13. MARCHING TO A DIFFERENT DRUMMER
While the IBEW was gathering strength in the countryside, PG&E workers in the Bay Area were marching to a different drummer.
In early 1941, a small group of men–probably fewer than a dozen–gathered in the Plaza Hotel at the corner of Salvio and Grant in Concord, California. It was hardly the setting for an historic event: a small bar in a two-story hotel described by one PG&E employee of that era as little more than a glorified rooming house. The Plaza Hotel has long since vanished from the city landscape, but the meeting in the bar that day turned out to be a landmark in local labor history.
The men in attendance were from PG&E’s three River Plants at Martinez, Avon and Oleum. They included Bert Mudgett, Bill Tod and John Hanson, all watch engineers. They included Don Hardie and Ray Michael, and Jim Cuthill, a fireman at Martinez. Also present was 25-year-old Ron Weakley.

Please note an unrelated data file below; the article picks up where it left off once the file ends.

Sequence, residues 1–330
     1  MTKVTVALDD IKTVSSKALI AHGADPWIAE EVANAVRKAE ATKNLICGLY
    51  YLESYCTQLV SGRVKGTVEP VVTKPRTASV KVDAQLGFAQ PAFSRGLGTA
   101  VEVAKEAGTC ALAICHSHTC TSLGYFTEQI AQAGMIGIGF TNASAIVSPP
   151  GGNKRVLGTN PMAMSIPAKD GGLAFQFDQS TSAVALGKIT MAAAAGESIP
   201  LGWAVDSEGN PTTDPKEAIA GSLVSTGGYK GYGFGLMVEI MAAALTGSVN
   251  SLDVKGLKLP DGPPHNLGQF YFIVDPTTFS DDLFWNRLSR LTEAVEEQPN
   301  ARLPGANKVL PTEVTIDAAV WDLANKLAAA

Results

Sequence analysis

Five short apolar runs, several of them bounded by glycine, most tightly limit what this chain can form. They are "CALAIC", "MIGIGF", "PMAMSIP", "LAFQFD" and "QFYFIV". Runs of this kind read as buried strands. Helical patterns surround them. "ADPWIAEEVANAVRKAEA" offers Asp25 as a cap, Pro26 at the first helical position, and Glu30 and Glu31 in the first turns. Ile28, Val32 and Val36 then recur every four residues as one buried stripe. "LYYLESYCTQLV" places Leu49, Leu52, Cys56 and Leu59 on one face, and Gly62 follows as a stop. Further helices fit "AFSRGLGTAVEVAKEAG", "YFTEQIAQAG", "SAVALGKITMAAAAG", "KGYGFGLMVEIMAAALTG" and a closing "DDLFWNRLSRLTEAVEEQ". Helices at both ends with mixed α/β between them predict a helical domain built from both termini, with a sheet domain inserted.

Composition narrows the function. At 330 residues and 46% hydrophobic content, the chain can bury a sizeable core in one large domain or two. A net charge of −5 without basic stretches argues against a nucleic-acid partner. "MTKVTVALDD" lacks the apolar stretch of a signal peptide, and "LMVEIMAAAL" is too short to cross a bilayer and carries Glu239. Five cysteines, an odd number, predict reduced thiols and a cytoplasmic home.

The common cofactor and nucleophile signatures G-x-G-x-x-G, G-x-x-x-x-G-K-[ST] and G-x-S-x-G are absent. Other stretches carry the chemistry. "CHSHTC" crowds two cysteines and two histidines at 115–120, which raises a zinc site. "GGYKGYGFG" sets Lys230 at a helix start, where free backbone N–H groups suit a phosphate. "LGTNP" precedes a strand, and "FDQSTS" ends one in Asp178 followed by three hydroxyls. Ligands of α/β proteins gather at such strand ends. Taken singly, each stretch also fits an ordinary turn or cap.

Like Hardie and Riley, Weakley brought a union background with him to PG&E. His stepfather was a committed union man, a member of the IBEW since 1905. While Mitch Mitchell was in the north woods in the early 1930s learning unionism from the IWW, Weakley was dipped in the waters of labor activism during the 1934 Longshoremen strike in San Francisco. Only 19 years old at the time, Weakley pitched in and did what he could to aid the strikers. He was among the thousands of strikers and sympathizers who staged a dramatic silent march up Market Street to protest the killing of two union supporters on Bloody Thursday.